Let me begin with an apparent oxymoron: I recently came across an interesting and inspiring article in last week’s issue of TIME magazine. It was titled “The Case for National Service,” by Richard Stengel, and it laid out his argument for a voluntary program that would reward young people for national service in the fields of education, health care and environmental work, among others. Of course, what most appealed to me was the idea of a national “Green Corp” in the tradition of FDR’s Civilian Conservation Corp, whose work we have to thank for much of America’s current park system. Now, perhaps even more than during the depression, a similar program would address several troubling trends in America’s environmental and social life.
The most practical reason to support a “Green Corp” is that environmentally, we need it. Attacking the problem on the scale that leading science suggests we should will require a massive and multi-faceted national effort. Viewed as a whole, the challenge can induce paralysis, but there are several key sectors in which some effort could translate into very meaningful change. For example, retrofitting buildings in America with energy efficient products like compact flourescent bulbs, new insulation, or new boilers could cut electricity in the U.S. by as much as one-third, according to one recent study. A Green Corp could tackle this challenge.
A Green Corp would also combat what I call the “de-skilling” of America’s youth. Even as recently as my parent’s generation, people knew how to fix things: how to replace a blown fuse, change a car’s oil, or complete thousands of other everyday tasks that I’d more likely call an expert for. I don’t have hard data on this, but it makes sense that as a larger percentage of our work becomes digital, and a larger percentage of our lives become computer-centered, our skills in other areas are starting to wane. Teaching young people the satisfaction of working with their hands would give them something that hours surfing YouTube never will.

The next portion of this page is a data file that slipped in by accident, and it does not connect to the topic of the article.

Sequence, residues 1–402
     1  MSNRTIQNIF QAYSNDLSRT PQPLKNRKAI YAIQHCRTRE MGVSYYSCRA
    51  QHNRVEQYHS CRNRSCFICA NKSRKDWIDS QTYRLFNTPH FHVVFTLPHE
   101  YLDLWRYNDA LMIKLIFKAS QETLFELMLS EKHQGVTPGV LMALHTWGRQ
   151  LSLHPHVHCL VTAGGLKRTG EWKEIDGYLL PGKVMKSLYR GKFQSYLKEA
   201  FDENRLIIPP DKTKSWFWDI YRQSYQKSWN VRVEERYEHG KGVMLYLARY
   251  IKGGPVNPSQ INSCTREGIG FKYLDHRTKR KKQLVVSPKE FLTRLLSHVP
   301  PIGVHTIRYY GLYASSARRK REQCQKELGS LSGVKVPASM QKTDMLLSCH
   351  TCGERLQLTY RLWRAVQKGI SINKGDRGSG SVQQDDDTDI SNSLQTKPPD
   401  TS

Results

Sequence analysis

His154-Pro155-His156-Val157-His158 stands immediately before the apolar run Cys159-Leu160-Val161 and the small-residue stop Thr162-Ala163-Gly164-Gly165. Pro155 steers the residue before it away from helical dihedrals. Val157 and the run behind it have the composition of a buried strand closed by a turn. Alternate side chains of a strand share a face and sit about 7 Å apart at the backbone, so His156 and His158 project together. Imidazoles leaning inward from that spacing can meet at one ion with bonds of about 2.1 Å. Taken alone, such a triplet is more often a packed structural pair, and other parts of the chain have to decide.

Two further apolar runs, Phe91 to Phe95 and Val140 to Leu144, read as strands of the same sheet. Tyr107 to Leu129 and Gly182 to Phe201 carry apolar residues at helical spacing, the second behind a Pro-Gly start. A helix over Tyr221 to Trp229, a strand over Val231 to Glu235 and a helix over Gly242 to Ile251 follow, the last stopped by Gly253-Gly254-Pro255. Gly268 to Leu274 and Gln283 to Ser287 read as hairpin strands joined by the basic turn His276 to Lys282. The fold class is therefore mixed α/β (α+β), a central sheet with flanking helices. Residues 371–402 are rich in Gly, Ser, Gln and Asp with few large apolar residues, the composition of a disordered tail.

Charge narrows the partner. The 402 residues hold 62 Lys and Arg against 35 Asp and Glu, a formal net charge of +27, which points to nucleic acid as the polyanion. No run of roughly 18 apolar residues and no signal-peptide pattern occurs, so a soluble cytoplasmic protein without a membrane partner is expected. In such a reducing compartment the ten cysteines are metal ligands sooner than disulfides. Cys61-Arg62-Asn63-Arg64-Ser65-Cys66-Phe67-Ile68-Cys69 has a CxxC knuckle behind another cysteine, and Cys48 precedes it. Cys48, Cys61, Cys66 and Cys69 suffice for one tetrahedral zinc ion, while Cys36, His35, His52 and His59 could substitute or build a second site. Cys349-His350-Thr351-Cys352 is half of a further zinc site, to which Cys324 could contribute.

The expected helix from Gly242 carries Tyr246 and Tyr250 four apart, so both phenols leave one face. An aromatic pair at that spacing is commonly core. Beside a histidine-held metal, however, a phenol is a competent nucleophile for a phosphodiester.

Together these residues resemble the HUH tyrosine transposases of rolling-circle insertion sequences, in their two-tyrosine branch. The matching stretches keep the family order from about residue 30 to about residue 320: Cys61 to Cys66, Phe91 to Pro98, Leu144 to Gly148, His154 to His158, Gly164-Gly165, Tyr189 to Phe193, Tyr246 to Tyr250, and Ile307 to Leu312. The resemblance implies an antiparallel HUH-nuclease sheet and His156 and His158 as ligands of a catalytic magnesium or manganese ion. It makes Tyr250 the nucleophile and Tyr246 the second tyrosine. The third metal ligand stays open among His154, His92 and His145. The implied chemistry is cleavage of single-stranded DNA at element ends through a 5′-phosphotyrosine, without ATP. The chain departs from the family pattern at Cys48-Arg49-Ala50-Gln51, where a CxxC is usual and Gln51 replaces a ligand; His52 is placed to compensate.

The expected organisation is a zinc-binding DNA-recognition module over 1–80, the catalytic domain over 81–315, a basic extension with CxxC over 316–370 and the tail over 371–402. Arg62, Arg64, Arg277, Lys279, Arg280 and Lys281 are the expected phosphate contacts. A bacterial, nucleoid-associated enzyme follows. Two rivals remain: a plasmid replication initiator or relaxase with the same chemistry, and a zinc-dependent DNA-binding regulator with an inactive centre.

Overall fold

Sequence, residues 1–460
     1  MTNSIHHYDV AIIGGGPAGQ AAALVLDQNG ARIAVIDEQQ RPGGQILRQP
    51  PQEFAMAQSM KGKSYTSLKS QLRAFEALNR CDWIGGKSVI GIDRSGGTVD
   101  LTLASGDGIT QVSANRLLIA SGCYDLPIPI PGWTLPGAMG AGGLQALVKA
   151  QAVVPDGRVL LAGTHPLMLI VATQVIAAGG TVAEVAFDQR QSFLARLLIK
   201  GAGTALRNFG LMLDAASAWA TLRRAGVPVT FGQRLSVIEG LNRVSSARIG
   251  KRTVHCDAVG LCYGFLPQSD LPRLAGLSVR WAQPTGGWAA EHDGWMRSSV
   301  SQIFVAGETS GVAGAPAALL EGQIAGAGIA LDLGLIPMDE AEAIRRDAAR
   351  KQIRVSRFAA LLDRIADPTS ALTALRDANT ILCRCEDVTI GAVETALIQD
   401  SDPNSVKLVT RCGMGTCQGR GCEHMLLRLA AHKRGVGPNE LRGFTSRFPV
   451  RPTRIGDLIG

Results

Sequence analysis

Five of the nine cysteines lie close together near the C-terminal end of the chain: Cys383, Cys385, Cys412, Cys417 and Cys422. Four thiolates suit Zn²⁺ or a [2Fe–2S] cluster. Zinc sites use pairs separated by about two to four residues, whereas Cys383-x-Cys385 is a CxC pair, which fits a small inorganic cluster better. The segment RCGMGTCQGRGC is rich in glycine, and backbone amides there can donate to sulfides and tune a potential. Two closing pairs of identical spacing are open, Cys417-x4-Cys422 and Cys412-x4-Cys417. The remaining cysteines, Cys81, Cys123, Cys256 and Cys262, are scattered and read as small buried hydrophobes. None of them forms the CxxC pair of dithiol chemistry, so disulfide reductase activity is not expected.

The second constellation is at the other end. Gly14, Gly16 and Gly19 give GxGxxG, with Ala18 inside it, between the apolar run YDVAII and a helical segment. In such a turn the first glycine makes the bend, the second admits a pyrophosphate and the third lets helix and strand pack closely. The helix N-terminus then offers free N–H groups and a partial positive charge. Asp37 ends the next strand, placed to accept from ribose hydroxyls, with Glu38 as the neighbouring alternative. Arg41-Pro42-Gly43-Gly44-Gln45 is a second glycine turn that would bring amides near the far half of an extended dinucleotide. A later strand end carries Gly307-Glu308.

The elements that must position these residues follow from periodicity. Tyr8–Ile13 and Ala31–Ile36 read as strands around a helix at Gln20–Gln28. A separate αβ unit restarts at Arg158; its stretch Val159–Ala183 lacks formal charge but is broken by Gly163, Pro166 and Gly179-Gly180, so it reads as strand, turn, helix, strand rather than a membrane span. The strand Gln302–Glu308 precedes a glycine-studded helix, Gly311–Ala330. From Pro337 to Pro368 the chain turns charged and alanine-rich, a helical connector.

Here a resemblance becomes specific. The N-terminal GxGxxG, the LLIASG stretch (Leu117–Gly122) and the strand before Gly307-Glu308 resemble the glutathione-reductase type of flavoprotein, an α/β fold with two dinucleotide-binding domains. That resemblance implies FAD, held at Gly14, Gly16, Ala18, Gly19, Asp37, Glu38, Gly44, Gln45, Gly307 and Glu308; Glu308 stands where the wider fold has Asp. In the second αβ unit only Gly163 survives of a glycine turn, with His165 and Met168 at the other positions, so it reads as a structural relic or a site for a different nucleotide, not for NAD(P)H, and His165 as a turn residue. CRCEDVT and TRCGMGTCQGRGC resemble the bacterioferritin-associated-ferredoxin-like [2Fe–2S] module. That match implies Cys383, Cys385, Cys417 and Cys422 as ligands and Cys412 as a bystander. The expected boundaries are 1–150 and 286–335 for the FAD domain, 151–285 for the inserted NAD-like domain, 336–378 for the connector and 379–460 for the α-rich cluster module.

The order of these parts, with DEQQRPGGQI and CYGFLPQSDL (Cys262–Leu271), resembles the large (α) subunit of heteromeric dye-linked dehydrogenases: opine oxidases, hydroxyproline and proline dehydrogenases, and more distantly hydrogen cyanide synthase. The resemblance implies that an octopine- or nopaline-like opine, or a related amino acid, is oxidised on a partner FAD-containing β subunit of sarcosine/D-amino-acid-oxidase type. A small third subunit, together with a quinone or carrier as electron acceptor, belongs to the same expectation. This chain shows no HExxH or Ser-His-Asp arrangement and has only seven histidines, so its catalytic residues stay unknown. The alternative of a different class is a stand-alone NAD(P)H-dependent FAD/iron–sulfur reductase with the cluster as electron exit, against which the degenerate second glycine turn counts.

It would also give them jobs. “Green” jobs, in renewable energy, energy efficiency, and related industries, are a large part of the future. Their presence will explode if Congress passes meaningful national emissions legislation. As Stengel points out, there are currently 1.5 million people in America between the ages of 18 and 24 who are neither employed nor in school. For them, a Green Corp would be a way out.
Lastly, a program like this could begin to rehabilitate an ailing public sphere. Some 27 percent of Americans volunteer privately, but for those of us not in the armed forces, the public largest sacrifice we’re asked to make is to shop ’till we drop. People are doing all sorts of interesting things to create the community they find lacking in their lives; uniting the nation around an environmental cause could tie us together even more.